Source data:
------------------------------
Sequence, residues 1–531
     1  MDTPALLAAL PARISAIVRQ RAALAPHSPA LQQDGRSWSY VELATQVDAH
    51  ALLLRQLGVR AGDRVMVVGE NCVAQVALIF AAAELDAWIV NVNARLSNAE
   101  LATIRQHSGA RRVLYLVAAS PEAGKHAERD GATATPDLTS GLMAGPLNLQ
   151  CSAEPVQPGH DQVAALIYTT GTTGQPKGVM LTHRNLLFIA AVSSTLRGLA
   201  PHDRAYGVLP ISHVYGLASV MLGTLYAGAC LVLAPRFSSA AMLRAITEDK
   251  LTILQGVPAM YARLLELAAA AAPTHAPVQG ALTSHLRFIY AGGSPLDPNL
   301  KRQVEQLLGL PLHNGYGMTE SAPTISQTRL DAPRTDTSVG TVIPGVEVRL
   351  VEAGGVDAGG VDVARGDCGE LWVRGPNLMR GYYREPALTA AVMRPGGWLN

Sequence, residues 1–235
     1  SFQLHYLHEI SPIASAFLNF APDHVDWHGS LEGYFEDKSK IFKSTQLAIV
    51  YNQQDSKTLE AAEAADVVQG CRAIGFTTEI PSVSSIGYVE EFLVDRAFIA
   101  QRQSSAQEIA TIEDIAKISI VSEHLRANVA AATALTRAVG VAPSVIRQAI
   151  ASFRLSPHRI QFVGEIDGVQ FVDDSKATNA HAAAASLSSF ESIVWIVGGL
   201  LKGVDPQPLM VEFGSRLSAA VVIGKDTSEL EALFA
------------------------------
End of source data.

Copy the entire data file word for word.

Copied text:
Sequence, residues 1–531
     1  MDTPALLAAL PARISAIVRQ RAALAPHSPA LQQDGRSWSY VELATQVDAH
    51  ALLLRQLGVR AGDRVMVVGE NCVAQVALIF AAAELDAWIV NVNARLSNAE
   101  LATIRQHSGA RRVLYLVAAS PEAGKHAERD GATATPDLTS GLMAGPLNLQ
   151  CSAEPVQPGH DQVAALIYTT GTTGQPKGVM LTHRNLLFIA AVSSTLRGLA
   201  PHDRAYGVLP ISHVYGLASV MLGTLYAGAC LVLAPRFSSA AMLRAITEDK
   251  LTILQGVPAM YARLLELAAA AAPTHAPVQG ALTSHLRFIY AGGSPLDPNL
   301  KRQVEQLLGL PLHNGYGMTE SAPTISQTRL DAPRTDTSVG TVIPGVEVRL
   351  VEAGGVDAGG VDVARGDCGE LWVRGPNLMR GYYREPALTA AVMRPGGWLN

Sequence, residues 1–235
     1  SFQLHYLHEI SPIASAFLNF APDHVDWHGS LEGYFEDKSK IFKSTQLAIV
    51  YNQQDSKTLE AAEAADVVQG CRAIGFTTEI PSVSSIGYVE EFLVDRAFIA
   101  QRQSSAQEIA TIEDIAKISI VSEHLRANVA AATALTRAVG VAPSVIRQAI
   151  ASFRLSPHRI QFVGEIDGVQ FVDDSKATNA HAAAASLSSF ESIVWIVGGL
   201  LKGVDPQPLM VEFGSRLSAA VVIGKDTSEL EALFA